Places To Eat In Newcastle: House of Tides

If you are in Newcastle and you happen to be celebrating a very special occasion – or, like me and J you like to taste the very best of a city whilst you’re there if you’re unsure you’ll ever go back – House of Tides in Newcastle is the reservation to get to enjoy their excellent tasting menu and clever wine pairings.

On arrival we were ushered into a cosy corner of the downstairs bar for drinks and snacks. Still in a cocktail mood (we’d had a couple of fruity numbers at Mother Mercy before making our way down to the river for dinner) we both opted for a smooth, strong and perfectly balanced Penicillin No.2, similar to a honeyed version of a margarita, it was given it’s kick with mezcal, rather than Scotch. Rather nice, we both thought.

The snack of the day from our tasting menu was a crisp gougere filled with a silky smooth baba ganoush, which J described as both very pleasant and wonderfully cheesy. For me as the ‘no cheese’ option I was given some wonderfully nutty and seedy linseed crackers (which I spied later on are what is usually served alongside House of Tide’s cheese course) which were the perfect nibble for which to scoop up my own little pot of aubergine puree.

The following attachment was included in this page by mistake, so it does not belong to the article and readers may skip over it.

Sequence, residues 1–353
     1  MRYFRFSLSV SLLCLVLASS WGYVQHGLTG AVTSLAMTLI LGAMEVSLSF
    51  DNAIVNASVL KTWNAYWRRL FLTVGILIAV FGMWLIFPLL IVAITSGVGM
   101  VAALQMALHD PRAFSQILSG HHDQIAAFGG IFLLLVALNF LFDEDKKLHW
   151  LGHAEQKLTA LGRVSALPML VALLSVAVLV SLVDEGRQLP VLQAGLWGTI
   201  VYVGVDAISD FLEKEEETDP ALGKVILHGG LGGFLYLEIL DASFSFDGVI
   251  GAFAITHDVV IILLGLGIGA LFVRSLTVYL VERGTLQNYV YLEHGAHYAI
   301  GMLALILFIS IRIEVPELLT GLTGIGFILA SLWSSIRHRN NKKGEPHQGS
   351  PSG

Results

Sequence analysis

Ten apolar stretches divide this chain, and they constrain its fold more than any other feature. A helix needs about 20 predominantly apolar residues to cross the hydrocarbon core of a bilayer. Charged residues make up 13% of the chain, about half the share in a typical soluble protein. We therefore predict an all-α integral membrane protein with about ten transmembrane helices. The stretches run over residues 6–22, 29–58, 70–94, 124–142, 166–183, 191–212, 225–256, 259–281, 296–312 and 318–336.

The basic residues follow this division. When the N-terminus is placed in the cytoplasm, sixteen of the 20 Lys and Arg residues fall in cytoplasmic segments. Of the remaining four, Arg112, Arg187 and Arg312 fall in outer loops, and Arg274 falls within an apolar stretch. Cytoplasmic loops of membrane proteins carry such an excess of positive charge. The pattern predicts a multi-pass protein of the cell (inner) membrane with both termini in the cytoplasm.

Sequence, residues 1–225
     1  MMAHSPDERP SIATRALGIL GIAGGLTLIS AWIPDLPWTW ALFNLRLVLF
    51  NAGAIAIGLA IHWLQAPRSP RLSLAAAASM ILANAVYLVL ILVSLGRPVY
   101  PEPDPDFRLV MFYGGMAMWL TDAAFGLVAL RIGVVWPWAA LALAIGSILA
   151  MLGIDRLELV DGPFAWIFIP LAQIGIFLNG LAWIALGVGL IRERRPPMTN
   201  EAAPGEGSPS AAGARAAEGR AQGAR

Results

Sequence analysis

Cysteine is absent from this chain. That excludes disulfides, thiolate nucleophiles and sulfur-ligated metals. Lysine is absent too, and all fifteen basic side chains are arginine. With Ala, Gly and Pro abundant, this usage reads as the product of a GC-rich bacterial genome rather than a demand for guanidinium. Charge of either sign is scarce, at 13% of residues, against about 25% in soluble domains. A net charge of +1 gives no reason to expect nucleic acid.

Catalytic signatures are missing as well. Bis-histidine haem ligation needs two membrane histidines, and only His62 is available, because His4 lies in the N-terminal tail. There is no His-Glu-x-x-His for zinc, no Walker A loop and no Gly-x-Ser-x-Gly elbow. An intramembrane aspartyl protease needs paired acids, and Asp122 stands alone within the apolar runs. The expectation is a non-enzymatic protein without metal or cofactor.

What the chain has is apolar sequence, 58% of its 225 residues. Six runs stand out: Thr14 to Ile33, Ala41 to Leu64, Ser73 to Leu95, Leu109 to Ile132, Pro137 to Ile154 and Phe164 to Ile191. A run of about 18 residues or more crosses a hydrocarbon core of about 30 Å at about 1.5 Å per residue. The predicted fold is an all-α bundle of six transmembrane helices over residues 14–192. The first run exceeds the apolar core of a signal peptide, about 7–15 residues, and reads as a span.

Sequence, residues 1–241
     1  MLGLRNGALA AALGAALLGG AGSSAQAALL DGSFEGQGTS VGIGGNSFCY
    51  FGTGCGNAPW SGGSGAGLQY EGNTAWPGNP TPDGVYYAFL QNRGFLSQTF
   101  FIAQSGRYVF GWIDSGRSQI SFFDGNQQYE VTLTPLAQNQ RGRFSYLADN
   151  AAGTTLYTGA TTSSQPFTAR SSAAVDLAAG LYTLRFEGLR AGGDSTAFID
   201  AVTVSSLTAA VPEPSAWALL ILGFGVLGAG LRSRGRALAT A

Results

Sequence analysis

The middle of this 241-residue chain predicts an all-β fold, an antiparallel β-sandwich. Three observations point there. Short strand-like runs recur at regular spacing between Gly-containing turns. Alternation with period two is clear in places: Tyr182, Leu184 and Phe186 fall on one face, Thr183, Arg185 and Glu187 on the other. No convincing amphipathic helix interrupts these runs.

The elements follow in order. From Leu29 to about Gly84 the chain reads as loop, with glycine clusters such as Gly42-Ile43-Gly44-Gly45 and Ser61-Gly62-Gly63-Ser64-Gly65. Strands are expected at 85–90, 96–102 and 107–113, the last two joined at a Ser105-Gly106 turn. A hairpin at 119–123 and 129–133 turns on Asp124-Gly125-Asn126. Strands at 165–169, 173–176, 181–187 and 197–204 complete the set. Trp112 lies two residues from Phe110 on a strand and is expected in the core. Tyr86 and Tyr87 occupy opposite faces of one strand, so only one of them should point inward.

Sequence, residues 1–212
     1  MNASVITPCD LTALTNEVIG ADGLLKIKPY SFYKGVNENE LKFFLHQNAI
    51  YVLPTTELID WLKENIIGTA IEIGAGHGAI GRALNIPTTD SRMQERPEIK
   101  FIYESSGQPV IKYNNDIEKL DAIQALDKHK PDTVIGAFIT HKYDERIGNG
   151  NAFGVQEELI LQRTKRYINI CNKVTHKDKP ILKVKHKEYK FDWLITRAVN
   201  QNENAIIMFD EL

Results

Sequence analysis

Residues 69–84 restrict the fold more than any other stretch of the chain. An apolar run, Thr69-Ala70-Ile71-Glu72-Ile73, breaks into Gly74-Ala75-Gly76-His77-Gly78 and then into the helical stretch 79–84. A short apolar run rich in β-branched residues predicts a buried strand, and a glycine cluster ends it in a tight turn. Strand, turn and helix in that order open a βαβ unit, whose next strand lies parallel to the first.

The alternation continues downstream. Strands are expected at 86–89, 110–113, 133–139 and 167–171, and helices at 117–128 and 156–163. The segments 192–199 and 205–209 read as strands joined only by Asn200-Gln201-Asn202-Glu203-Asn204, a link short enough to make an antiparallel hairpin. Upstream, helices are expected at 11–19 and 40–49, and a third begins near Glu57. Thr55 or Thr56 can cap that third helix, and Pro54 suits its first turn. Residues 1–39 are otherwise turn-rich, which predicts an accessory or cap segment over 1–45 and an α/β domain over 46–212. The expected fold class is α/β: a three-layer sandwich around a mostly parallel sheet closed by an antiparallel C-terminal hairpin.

After our snacks we were shown to another cosy table upstairs in the main restaurant where we were presented with a very good warm sourdough (we were particularly a fan of the crusts) and a simply excellent cultured butter.

Our first course proper set the bar for what was to come. First came a delicate, room temperature pea veloute with such a clean, vibrant flavour, just offset by refreshing little cubes of fresh mint jelly in the bottom of the cup. Magical flavours, whose only problem was that they came to an end. Alongside it came a pork croquette, full of savoury flavours and given a wonderful added smokiness from the little, delicate cubes of smoked eel balanced on top.

We went for the wine pairing to go with the tasting menu because we could not decide, which was knowledgeably presented with every course. To go with the veloute we had a suprisingly light and young Cremant from the Alsace that complimented the lightness of the first dish perfectly.

The next dish was even better: a potato and leek terrine topped with a generous amount of black English truffles, served alongside an onion chutney and a leek emulsion. It was rich, indulgent, and totally re-wrote the way you’d usually perceive a vegetable dish; literally my only criticism (apart from the size, we wanted more of each, and the dishes are House of Tides were particularly tiny, even for a tasting menu type establishment, but whilst we noticed this, we did not feel short changed by it everything was so enjoyable) was the onion chutney was delicious in tiny bites, but you were given way too much for there to be any balance to the dish. The leek emulsion, on the other hand, was vibrant, concentrated, and just that very little bit transcendent.